We don’t have to give up our dreams about community just because there are difficulties. Nor do we have to sell everything, pack up, and move to a communal farm to experience community. We can begin by inviting friends into our home, or by using the increasingly ubiquitous personal computer to join an electronic community. We can organize a ritual men’s group, a women’s group, or a business support group. More and more people are finding a real sense of community at the workplace or within a collaborative housing project. Churches are seeing a renewal of interest in activities that bring people together for mutual support and the betterment of the church community.

A sense of community can also be found within small groups created to meet special needs. There are support groups for battered women, cancer survivors, people living with AIDS, and spouses of soldiers sent overseas. There are groups organized to accomplish a community goal, such as planting neighborhood trees, building a community garden, or starting a day-care center. Hiking clubs, intellectual salons, and softball teams are sprouting up everywhere, just for fun. And, there is no shortage of groups—such as Debtors Anonymous, Overeaters Anonymous, Gamblers Anonymous, or Adult Children of Alcoholics, to name a few—that are part of the “recovery community” created around the 12-step program of Alcoholics Anonymous. This is only a partial list, but it is proof that alternative ways of connecting with others are as numerous as the number of groups attempting to connect. The key to turning your contact with people into a sense of connectedness is the effort you are willing to take to make it happen. The rewards can be just as great as the feeling of warmth and love I felt that morning in the Murdocks’ kitchen so long ago.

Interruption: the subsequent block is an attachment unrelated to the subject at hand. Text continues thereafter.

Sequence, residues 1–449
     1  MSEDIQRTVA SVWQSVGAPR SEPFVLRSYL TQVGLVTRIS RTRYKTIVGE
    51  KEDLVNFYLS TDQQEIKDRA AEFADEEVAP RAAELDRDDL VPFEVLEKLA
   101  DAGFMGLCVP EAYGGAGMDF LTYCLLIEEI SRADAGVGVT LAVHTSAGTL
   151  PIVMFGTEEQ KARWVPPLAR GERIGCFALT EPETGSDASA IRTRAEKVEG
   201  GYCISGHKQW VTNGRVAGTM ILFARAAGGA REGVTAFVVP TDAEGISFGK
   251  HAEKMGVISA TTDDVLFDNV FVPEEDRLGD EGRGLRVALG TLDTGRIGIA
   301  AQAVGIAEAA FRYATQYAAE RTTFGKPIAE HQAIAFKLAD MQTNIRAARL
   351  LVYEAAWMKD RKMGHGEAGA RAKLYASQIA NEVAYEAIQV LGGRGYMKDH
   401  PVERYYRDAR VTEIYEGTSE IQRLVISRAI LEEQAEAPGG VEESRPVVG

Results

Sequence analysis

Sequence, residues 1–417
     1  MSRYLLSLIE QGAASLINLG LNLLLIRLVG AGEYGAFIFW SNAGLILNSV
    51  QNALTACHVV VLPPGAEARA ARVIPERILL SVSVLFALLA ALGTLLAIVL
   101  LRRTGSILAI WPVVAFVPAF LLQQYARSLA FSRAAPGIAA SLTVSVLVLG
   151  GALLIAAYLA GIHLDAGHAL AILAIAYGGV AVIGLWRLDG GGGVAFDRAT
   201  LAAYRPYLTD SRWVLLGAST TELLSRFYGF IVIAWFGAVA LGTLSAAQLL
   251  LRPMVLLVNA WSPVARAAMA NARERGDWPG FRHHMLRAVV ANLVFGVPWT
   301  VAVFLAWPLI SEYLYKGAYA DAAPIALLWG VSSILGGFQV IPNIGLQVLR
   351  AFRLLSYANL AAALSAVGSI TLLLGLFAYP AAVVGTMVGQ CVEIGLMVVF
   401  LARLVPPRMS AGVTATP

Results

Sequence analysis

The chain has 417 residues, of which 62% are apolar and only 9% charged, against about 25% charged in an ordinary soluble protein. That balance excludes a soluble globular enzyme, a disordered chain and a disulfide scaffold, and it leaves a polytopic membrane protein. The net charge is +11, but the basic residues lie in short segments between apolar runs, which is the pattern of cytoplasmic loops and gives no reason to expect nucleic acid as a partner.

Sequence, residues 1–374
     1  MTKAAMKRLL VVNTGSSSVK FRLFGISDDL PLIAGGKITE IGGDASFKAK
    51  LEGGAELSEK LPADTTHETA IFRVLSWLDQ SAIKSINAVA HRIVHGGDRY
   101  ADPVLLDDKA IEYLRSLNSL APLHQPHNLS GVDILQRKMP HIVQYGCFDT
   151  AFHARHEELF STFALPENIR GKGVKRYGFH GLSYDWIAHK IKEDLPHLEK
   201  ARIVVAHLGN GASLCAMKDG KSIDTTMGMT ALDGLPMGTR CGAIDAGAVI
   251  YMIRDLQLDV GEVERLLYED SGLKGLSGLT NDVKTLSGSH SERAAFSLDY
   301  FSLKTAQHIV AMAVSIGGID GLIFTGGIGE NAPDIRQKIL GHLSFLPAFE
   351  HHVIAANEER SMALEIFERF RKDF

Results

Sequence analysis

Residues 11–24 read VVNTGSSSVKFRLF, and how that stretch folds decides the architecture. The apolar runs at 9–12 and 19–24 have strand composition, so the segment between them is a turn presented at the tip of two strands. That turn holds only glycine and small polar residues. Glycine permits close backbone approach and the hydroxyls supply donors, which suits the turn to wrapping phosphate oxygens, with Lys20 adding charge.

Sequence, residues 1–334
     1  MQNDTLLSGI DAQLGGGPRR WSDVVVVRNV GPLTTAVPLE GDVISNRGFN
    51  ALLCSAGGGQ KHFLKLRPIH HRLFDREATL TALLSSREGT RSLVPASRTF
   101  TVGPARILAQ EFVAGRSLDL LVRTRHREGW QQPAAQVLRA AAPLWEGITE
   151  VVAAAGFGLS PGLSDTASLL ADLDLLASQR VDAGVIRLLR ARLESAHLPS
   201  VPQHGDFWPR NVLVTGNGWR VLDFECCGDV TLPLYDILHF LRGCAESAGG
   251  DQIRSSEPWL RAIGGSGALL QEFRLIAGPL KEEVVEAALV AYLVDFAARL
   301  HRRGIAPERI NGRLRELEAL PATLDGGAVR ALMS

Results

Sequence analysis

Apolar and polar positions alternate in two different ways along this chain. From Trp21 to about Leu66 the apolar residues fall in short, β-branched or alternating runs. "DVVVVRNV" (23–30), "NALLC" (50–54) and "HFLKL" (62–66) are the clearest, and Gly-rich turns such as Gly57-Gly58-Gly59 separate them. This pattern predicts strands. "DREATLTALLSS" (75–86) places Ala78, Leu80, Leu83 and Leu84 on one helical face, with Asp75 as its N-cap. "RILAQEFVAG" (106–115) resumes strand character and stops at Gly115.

There is a swelling new wave of interest in the concept of “community.” By the time this book reaches your local bookseller this wave will have produced numerous magazine articles and talk show interviews with the authors of the books you find standing on the shelf next to this one. But this book is not just a rehash of the usual words of wisdom on the subject. I have attempted to include a balanced sampling of the best writing on community of the past 50 years, and I have organized it in a way that I hope you will find easily accessible and highly informative. This is a basic collection that addresses the full range of the human need to belong.

This book offers practical suggestions and examples to help you understand what community is and how to go about creating it for yourself. The underlying themes throughout the collection are these:

  1. We need not be isolated one from another
  2. With focus and perseverance, we can build a sense of community for ourselves even in the pervasive urban settings of today’s world.

A lot of us today, and I mean people of all ages and all cultures, are anxious to escape today’s lifestyle of consumption, greed, and isolation. Television sets, CD players, and microwave ovens disappoint us as comrades. We yearn for a chance to belong, to find comfort in the company of others, to feel a sense of connectedness and mutual support. We hunger for some clear guidance on how to rediscover this sense of community. The concept of “community building” is fundamental, and it will become even more important in the coming decades, especially if our cities, states, and nations increasingly fail to meet our basic needs for health, work, and physical security.